ATO tax evaluation: characterization of software program paperwork


On June 25, 2021, the Australian Tax Office published its draft judgment on Income Tax: License Fees – Nature of Income Related to Software (TR 2021 / D4), which replaces the previous judgment on Income Tax: Computer Software (TR 93/12).

The draft decision has been updated to reflect the major technological changes that have occurred in the software industry over the past three decades and includes examples of packaged software over physical media, digitally downloaded software, and cloud-based software-as-a. -Service (SAAS).

The central theses

The draft decision focuses on three main activities (software licensing, software distribution, and software services). The conclusions of the draft decision are summarized in the table below.

Particularly noteworthy is the increased interaction between copyright law and tax law when determining whether a “license fee” arises.

The publication of the draft decision is to be welcomed insofar as it provides the ATO guidelines on a number of different software agreements which, in contrast to the types of agreements previously dealt with in TR 93/12, are better aligned with what is currently on the market. For example, the draft decision addresses digital and SAAS distribution methods.

The draft decision was adopted on the basis that interested parties can submit comments and opinions, but only a short period of time for submitting comments. We are aware that the ATO conducted some industry consultations prior to the publication of the draft decision.

Once the final decision is made, the ATO has proposed that it apply both before and after the date of issue.

Affected companies should review the draft decision to determine whether both historical and future positions on WHT royalties are consistent with the position of the ATO or whether these arrangements could be improved to support the position adopted. This can include companies that sell software through cloud services or with whom parties to a license agreement have a software or source code trust agreement.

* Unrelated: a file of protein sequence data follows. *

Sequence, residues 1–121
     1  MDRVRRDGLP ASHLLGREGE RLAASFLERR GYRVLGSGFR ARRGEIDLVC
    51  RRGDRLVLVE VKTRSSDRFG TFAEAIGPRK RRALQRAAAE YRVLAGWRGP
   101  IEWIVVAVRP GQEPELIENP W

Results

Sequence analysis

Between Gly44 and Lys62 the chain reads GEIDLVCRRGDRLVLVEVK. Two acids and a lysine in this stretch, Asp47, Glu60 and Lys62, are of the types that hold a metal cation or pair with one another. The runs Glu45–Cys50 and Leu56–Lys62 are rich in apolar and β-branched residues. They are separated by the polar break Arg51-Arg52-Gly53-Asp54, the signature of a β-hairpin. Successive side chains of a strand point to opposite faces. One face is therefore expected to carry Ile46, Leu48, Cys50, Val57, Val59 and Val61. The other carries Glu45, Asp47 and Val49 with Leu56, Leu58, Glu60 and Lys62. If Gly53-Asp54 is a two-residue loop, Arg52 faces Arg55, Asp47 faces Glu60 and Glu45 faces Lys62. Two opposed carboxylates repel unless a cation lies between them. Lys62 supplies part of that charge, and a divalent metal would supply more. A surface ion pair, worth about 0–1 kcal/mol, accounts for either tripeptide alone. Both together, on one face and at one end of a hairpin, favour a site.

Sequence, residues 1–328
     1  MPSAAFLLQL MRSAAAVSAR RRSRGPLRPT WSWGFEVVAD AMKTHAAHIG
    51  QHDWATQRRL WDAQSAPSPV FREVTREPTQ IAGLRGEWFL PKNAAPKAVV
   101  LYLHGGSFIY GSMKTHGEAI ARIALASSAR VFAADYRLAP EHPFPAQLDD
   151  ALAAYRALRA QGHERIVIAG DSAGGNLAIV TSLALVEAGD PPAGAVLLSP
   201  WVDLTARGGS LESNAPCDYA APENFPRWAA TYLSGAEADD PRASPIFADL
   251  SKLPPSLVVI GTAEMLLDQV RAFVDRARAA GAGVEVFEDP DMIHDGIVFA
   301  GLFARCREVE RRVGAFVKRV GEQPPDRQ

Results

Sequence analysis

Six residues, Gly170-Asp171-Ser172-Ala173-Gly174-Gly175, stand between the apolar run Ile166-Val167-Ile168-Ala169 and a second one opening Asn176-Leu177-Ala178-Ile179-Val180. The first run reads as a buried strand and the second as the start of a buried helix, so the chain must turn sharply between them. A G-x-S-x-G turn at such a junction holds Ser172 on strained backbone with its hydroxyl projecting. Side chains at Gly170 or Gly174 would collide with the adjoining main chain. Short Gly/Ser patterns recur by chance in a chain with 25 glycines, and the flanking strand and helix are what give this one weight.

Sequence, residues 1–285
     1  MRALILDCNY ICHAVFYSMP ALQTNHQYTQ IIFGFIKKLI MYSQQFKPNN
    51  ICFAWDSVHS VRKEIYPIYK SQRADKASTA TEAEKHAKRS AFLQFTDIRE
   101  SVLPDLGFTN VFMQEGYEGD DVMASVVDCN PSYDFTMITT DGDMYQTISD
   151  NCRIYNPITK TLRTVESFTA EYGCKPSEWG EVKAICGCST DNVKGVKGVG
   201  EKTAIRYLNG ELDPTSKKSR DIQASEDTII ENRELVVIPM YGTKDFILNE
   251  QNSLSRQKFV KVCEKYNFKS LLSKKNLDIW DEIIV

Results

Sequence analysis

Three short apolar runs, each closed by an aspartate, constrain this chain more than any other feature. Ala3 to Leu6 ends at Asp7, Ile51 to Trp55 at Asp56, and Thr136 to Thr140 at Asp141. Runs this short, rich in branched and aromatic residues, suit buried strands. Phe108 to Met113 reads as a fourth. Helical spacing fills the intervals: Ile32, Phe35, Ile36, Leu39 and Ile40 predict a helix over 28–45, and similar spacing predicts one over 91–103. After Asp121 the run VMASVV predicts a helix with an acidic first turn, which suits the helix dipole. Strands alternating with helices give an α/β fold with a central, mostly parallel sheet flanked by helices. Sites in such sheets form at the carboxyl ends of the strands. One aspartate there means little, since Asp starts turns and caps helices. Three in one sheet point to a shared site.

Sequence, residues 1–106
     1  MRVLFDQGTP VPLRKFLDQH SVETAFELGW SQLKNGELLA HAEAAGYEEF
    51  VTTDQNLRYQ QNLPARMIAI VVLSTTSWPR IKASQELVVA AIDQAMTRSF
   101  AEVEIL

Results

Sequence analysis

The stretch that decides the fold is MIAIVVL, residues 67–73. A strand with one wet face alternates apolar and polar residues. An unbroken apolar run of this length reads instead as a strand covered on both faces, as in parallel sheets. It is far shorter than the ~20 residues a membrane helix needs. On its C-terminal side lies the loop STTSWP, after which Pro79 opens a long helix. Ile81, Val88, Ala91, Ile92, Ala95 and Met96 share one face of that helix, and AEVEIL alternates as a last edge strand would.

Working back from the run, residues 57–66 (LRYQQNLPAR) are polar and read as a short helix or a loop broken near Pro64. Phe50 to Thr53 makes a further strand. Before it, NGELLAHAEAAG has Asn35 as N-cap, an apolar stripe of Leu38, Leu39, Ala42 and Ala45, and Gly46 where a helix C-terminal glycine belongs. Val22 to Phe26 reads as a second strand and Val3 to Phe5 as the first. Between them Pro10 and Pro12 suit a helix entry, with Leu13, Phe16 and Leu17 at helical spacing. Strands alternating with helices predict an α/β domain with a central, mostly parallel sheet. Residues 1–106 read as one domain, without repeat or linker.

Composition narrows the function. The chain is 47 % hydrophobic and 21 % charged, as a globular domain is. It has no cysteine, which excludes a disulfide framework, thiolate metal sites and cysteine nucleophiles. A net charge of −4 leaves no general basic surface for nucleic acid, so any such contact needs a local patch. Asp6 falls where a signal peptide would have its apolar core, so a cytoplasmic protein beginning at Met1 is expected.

Structure of the draft decision

Increased interaction with copyright law

The draft judgment emphasizes the technical aspects of Australian copyright law and its interaction with Australian tax law. The ATO regards an amount as a royalty in that it is consideration for being granted a right to do something that is the exclusive right of the copyright owner. With reference to the Copyright Act, the ATO believes that these rights in relation to software (a literary work) relevantly include the right to reproduce the work in tangible form; the right to edit the work; and the right to show the work to the public.

The draft decision illustrates these core concepts using eight examples from the areas of software licensing, software distribution and software services.

Software licensing (examples 1 to 3)

Examples 1 to 3 agree with the previous TR 93/12 and show that payments for the “simple use” of software do not represent license fees, but payments for the right to reproduce for resale or for the right to change or adapt software (including access to the source code) represent a license fee.

“Ease of use” of software is defined as the process of using software for the purpose for which it was developed or is intended to be used. In these circumstances, any use of the copyright required to enable the software to be used as a working product is merely accidental and therefore the associated payments are not royalties.

Software distribution (examples 4 to 6)

Examples 4 and 5 consider software distribution agreements that give the vendor the right to enter into contracts with customers or end users. Deviating from the previous TR 93/12, the ATO now takes the view that, although customers or end users ultimately only receive a license for simple use, a distinction should now be made between transactions in which the software is subject to a license agreement and transactions in which the software is purchased directly from the customers / end users. In the former situation, the payments made by the distributor to the copyright owner for the right to distribute software through sublicensing constitute a license fee.

In contrast, Example 6 deals with the distribution of shrink-wrapped software. In this case, the related payments are not treated as royalties as these distributions do not relate to the distributor’s use of the copyright.

Software services (examples 7 and 8)

Examples 7 and 8 consider auxiliary services for changing or using software. Payments for the provision of assistance that enable the use or enjoyment of the software constitute a license fee, but payments for the provision of services in connection with the modification or creation of software do not.

As applied, the draft decision states that the provision of assistance necessary for an end-user to exercise the right to reproduce and modify software constitutes a license fee (Example 7); while assistance with the simple use of software is not paid for (example 8).